Art chronicles alcohol and homelessness study as researchers seek innovative way to share findings

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artwork of men in pub
One of the paintings by Linda McGowan.

A unique art event took place this week in Glasgow chronicling the findings of a research study into the effects of managed alcohol programmes during the COVID-19 pandemic.

Elena Whitham, Scottish Government Minister for Drugs and Alcohol Policy, attended the event at The Articulate Cultural Trust and Hub in Glasgow along with artist Linda McGowan and academics from the University of Stirling.

The study’s authors, Professor Tessa Parkes and Dr Hannah Carver, asked Linda McGowan, along with Articulate Gallery Manager Stuart Duffy, to showcase the research findings through paintings.

The paintings depict key issues affecting the lives of people experiencing alcohol dependence and homelessness. In the study, Professor Parkes and Dr Carver looked at managed alcohol programmes (MAPs), where alcohol is provided in regular and measured doses alongside other support, and how it could reduce risks faced by service users during the COVID-19 pandemic.

While the findings were published last year, with the artwork included in the research paper, this is the first time the paintings have been exhibited. Service users and staff who were involved in the study, conducted in partnership with The Salvation Army along with people from homeless charity Simon Community Scotland, were invited to attend the event.

Linda used the findings and what she learned attending the research meetings to create eight paintings, each depicting the lives of people who might benefit from MAPs in Scotland - from their friendships to the isolation and stress brought about by the pandemic.

two women with painting in background

Elena Whitham, Scottish Government Minister for Drugs and Alcohol Policy (L) with artist Linda McGowan at the event.

MAPs are a harm reduction intervention for those experiencing homelessness and alcohol use disorders. Usually residential, their service users buy their own alcohol and staff provide it to them on a regular basis and in a monitored way. The Glasgow facility is the only one operating in Scotland.

Dr Carver said: “We wanted to do something a little different with this project. As academics we are used to presenting at conferences and writing papers, but it is important to capture our research findings visually, given the emotional context of the work. We wanted to bring our findings to life for a range of audiences who are interested in MAPs, including people with lived and living experience.”

It is hoped the artworks will transfer to the campus of the University of Stirling, which hosts a permanent art collection and regular art-based events.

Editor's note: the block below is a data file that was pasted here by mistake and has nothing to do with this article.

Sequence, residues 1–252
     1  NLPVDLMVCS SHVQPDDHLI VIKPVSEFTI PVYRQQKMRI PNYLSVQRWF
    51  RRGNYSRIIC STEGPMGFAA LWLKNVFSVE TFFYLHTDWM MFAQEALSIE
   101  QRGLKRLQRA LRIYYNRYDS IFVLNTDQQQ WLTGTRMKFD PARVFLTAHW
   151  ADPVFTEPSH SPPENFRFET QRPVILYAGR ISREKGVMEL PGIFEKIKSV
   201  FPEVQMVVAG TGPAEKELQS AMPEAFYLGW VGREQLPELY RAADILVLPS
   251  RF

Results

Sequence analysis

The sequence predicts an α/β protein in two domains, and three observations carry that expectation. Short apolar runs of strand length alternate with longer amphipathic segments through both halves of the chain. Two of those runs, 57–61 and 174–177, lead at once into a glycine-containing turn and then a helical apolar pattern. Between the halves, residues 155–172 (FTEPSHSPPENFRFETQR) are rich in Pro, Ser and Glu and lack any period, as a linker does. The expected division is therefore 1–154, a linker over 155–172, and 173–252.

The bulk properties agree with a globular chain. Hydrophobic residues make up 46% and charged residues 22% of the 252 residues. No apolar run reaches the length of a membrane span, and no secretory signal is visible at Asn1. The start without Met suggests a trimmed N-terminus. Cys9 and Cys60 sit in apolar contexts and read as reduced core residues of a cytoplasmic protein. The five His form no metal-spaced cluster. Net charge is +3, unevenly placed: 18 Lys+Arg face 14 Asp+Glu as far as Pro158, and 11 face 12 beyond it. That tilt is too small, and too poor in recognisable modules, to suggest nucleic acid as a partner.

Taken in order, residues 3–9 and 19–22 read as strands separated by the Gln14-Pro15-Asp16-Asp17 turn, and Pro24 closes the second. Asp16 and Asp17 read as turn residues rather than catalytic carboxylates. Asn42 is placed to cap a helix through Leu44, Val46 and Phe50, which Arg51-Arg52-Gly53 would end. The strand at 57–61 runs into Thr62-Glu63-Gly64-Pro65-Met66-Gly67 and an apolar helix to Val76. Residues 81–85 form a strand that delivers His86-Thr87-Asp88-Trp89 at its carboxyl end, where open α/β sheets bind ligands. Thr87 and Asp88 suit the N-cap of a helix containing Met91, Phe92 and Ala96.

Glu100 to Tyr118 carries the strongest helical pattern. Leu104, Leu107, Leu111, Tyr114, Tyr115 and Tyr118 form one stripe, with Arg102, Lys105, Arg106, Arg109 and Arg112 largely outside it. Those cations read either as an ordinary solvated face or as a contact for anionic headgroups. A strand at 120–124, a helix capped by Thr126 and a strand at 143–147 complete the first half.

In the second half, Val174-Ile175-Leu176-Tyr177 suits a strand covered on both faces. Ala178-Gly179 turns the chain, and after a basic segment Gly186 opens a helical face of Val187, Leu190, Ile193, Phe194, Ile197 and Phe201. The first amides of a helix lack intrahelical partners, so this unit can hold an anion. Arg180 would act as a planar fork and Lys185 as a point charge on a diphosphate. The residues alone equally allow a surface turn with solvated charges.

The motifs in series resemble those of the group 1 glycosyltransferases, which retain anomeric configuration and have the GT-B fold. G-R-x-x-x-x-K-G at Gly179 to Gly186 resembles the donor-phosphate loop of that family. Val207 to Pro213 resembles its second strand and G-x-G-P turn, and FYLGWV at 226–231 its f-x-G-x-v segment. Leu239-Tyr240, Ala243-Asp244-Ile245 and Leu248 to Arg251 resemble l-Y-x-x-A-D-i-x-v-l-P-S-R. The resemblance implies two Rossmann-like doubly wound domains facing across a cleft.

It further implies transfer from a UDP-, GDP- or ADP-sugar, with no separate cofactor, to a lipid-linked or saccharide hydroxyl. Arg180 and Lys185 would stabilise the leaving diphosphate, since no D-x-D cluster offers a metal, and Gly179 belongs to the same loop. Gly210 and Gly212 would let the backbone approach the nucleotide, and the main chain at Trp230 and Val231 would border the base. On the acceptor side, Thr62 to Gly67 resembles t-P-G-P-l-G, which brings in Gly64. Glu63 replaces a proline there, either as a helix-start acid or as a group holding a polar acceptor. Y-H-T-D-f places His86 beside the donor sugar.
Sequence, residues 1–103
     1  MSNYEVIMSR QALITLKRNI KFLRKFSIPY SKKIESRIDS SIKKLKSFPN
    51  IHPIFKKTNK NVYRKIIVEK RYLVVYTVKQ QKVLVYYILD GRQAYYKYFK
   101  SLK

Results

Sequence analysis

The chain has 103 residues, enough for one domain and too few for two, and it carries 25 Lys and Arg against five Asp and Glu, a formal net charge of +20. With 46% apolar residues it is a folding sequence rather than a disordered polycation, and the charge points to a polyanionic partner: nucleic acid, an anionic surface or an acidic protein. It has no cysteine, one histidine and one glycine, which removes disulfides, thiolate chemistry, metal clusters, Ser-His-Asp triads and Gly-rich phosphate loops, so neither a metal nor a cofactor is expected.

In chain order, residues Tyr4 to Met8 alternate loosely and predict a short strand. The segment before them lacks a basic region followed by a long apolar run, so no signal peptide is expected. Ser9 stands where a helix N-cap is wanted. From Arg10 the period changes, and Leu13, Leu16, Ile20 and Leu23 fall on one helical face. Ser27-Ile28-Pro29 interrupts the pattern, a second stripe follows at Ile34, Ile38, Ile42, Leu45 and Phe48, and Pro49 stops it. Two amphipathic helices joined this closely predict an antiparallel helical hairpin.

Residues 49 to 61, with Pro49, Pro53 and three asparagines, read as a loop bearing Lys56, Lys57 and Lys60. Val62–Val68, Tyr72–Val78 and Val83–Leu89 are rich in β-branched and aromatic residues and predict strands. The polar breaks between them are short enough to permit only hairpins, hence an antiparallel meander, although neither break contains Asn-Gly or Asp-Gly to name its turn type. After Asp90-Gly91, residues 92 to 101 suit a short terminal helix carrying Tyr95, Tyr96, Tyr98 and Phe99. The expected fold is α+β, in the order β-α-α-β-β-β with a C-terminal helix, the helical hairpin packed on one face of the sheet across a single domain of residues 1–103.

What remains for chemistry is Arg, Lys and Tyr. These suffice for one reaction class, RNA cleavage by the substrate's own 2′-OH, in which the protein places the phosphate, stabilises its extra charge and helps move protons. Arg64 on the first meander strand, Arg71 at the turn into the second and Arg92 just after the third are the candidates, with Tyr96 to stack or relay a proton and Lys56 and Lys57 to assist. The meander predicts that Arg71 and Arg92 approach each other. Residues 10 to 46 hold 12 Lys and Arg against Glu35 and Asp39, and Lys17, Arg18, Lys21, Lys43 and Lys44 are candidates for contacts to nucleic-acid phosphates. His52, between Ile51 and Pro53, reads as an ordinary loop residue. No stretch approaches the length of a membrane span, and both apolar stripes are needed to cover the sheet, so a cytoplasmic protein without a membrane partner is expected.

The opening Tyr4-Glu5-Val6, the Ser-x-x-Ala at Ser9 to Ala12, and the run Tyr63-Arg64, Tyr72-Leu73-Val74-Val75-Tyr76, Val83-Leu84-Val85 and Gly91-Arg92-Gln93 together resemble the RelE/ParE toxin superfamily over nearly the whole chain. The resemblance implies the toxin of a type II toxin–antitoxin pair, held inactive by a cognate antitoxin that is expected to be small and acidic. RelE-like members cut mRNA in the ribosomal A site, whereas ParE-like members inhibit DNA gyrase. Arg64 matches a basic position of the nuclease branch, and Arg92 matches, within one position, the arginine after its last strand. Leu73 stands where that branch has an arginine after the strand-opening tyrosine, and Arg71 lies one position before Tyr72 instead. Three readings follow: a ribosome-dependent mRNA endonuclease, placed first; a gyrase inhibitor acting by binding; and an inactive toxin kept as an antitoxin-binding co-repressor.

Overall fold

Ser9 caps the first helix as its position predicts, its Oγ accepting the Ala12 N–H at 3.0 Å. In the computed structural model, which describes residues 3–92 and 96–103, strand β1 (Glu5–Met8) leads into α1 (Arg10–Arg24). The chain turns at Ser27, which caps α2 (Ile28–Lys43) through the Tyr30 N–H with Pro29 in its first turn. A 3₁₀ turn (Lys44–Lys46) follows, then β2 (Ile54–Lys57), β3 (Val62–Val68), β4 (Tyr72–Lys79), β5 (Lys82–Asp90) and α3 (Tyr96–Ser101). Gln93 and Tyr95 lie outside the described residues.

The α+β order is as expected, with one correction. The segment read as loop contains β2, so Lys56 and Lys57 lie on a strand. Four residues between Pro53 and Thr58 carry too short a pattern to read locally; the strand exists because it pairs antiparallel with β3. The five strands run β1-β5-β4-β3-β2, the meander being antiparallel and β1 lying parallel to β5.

painted figures on street One of the MAP project paintings created by Linda McGowan.

Linda McGowan said her paintings were inspired by the self-portrait work of Frida Kahlo. “They often convey pain, loss and identity, they ask us to confront our own difficult emotions. I hope my paintings help people reflect on a subject that affects us all in a caring society.”

Elena Whitham said: “I would like to thank the University of Stirling for undertaking this research on Managed Alcohol Programmes and their impact on those experiencing alcohol dependency and homelessness during COVID-19. This is a valuable addition to the evidence base.

“We are committed to exploring the feasibility of MAPs as outlined in our Rights, Respect, Recovery: alcohol and drug treatment strategy. That’s why we are providing over £212,000 of funding to the MAP pilot being delivered by Simon Community Scotland and we look forward to the pilot’s evaluation.”

Stuart Duffy said: “Art can help scientists to communicate the essence of their work to a wider audience in a way that is both engaging and understandable. It creates a narrative to challenge assumptions, and to come up with new perspectives on their research.”

Lee Ball, Director of Addictions with The Salvation Army, said: “We are really pleased to be joining the artists and our partners at this great event celebrating the role of art in challenging a narrative surrounding addiction of blame, dependency and helplessness.  Marginalised communities are seldom given the opportunity to tell their story - representation is a transformative step toward inclusion. The Salvation Army’s Harm Reduction ethos is grounded in social justice, a key principle of which is the right to participation for those without a voice – art amplifies voices."

group of people Dr Hannah Carver (second from left) and Tessa Parkes (far right) with members of the team behind the MAP project in Glasgow. Artist Linda McGowan is in centre.